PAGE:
Later that same week, I mentioned to an old friend that the hole left in my heart by the death of my daughter would never go away. He seemed surprised and upset. “I had no idea,” he said. “I thought because you’re a Christian, your faith would sustain you. I feel sorry for you.”

No, I wanted to say, don’t feel sorry for me. My faith does help me. My life isn’t sad. My life is in some ways more joyful than it’s ever been. I continue to have a close relationship with Laurie. I—

And as I felt myself thrashing about, frustrated at not having the words to describe what it’s like to lose a child, I realized what an intricate and perplexing landscape this emptiness through which I journey really is.

There’s the idea of emptiness as Void, empty of meaning. It’s a frightening place. When my ex-wife phoned me with the news that what we’d always thought was a harmless sebaceous cyst on the back of our daughter’s head was malignant, I felt the ground opening under my feet. I remember needing to grab on to the counter I was standing beside. Mary Lee has since told me that when I picked her up at school later that day and she opened the door to the car, she felt an icy emptiness even before I told her the news.

The title of the sculpture, “Melancolie,” or melancholy, refers back to medieval medicine and to one of the four “humours,” black bile, thought to cause what we today call depression. This, too, is a kind of emptiness, at least when I look at some of the therapy websites that define emptiness as “a negative thought process leading to depression, addiction…”—both of which I’ve stumbled through since Laurie died.

But over those same years, I’ve also found that emptiness can be something to cultivate rather than cure.

My first readings about emptiness were from existentialists like Albert Camus, who saw meaninglessness as a reality of life, but who posited that we can and should create our own meaning. From there, I dabbled in Buddhism, where Emptiness is a central precept. But as I understand it, Buddhists do not believe life is meaningless; rather, that our images of ourselves as separate, independent entities don’t exist: they’re delusions, empty of meaning. When we can understand this meaning of emptiness, we realize that we are part of what the Buddhist monk Thich Nhat Hanh calls “inter-being,” which is the basis for wisdom, bliss, compassion, clarity, and courage.

Then, as I’ve written about before in these blogs, I learned a form of Christian meditation called “Centering Prayer,” which is based on “kenosis,” or “self-emptying.” As Saint Paul wrote in Philippians: Jesus “emptied himself, taking the form of a slave ….” Notice how many of the parables in the Bible advocate giving up everything, whether it’s Jesus telling the young man to give up his money and possessions and follow him, or the Good Samaritan giving up his money and time to minister to the man who’d been beaten and robbed, or the servant condemned for burying his one Talent.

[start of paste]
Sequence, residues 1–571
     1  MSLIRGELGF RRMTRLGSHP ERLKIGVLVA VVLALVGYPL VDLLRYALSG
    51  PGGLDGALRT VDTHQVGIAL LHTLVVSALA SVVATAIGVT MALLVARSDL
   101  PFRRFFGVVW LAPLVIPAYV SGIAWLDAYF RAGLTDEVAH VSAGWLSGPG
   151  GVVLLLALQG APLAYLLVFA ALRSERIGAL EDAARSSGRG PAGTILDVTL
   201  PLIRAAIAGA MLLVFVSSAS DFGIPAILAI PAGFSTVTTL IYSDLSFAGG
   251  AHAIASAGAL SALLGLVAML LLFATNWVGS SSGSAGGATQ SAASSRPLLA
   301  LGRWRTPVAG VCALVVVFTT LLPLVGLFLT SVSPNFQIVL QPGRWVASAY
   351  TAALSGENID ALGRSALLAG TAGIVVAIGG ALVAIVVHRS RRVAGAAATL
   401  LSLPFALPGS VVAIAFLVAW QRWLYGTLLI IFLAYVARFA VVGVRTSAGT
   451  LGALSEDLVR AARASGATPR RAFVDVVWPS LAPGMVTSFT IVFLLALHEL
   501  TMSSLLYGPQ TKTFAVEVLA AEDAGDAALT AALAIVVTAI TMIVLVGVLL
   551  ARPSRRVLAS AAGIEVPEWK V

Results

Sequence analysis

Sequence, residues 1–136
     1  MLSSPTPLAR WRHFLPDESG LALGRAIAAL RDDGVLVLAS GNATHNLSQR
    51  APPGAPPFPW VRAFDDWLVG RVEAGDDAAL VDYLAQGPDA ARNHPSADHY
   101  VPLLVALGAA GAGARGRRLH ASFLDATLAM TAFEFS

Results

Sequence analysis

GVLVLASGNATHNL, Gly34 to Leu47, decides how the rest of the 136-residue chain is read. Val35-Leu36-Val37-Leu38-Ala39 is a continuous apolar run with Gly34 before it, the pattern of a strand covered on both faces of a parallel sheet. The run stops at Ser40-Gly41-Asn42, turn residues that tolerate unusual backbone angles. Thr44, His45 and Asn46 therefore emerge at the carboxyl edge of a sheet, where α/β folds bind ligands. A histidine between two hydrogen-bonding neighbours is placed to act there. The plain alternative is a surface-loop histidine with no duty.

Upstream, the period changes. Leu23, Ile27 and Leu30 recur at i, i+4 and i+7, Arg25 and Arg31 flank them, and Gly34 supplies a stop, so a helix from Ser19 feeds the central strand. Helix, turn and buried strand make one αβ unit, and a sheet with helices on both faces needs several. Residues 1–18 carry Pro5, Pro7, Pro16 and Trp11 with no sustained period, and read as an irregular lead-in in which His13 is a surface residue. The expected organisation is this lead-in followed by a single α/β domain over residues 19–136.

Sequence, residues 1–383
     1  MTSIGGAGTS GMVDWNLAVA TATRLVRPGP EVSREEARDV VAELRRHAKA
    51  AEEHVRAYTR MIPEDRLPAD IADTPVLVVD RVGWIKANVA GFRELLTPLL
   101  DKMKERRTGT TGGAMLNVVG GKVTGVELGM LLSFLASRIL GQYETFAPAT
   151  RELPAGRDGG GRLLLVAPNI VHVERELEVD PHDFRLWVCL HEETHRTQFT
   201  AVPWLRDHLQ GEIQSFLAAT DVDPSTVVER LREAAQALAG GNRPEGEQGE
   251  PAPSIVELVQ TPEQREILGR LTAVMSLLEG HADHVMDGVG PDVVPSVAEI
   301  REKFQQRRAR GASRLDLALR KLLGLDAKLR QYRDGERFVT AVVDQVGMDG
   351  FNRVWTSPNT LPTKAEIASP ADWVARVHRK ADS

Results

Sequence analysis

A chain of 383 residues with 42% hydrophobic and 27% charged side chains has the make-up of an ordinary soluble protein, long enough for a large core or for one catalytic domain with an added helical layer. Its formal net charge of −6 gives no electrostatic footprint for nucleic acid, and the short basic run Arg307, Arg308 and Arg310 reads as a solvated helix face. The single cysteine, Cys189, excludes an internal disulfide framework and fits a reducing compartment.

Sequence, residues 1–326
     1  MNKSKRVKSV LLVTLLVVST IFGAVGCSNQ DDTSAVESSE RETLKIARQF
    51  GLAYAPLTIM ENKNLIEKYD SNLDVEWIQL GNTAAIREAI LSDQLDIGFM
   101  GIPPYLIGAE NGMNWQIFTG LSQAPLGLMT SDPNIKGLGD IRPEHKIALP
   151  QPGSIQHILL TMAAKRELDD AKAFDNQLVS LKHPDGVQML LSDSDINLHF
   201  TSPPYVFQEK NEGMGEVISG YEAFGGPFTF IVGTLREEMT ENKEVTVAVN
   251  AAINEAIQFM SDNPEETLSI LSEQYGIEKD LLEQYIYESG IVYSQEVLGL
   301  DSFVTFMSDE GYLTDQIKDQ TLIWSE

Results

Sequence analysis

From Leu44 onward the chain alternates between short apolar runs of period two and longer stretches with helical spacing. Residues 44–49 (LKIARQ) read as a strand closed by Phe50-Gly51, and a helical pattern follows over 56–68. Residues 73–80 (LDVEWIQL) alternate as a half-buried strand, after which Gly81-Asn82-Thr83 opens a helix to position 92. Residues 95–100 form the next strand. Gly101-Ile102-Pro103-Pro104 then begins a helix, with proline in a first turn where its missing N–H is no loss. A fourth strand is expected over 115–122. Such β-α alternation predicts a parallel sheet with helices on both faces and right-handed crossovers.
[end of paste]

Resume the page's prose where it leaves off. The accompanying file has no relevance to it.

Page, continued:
And it was through practicing kenosis—entering into the emptiness I felt after Laurie died, giving up my image of myself as grieving parent—that I was able to feel Laurie’s renewed presence in my life. (For more on my experiences with Centering Prayer, see https://geriatricpilgrim.com/2016/06/)

Lately, I’ve been working a 12-Step program based on surrender, which as a speaker I heard recently said, “only happens when there’s nothing left.” Only when circumstances force you to see that all of your props, your addictions, have not only proved worthless in giving you what you need, but are actually keeping you unhappy, is it possible for you to give them up, empty yourself of them.

And yet. No matter how much I read about the subject, how often Laurie’s spiritual presence fills my emptiness, my daughter’s physical absence burns like an amputation. I will never have the chance to watch her face grow more interesting as it ages, never watch her take up a vocation, fall in love, perhaps have children.

And maybe that’s the price we pay for loving someone. A friend of mine who lost her husband a year ago recently sent me the following quotation from Dietrich Bonhoeffer, German Lutheran pastor and theologian:

Nothing can fill the gap when we are away from those we love, and it would be wrong to try to find anything. We must simply hold out and win through. That sounds very hard at first, but at the same time, it is a great consolation, since leaving the gap unfilled preserves the bonds between us. It is nonsense to say that God fills the gap. He does not fill it but keeps it empty so that  our communion with another may be kept alive, even at the cost of pain.

So, emptiness for me is another landscape through which I pilgrimage—four steps forward, three steps back, two steps side-ways, circling, backtracking. Sometimes the views are bleak and dismal and the path is strewn with the rocks and roots of depression and addiction, but more and more often these days, as I’ve surrendered my seventy-year-old resentments at people long gone from my life, my judgmentalism, my shame over not being perfect, I’ve seen some magnificent vistas, felt fresh air tickling what little hair I have left, heard birds singing hymns of grace.

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Roots

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“A tree stands strong not by its fruits or branches, but by the depth of its roots.”

— Anthony Liccione.

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Trees have always called to me, from the white pine tree I used to climb behind my house as a kid, to the stately Douglas Fir and Ponderosa pine I fought forest fires to save when I was in college, to the four-trunked maple tree in the back yard of my home for over twenty-years, to the mighty redwoods I visited a few years ago. Lately, though, I’ve been thinking more about the roots of trees than their trunks or branches, perhaps because I’ve been thinking a lot about my own roots.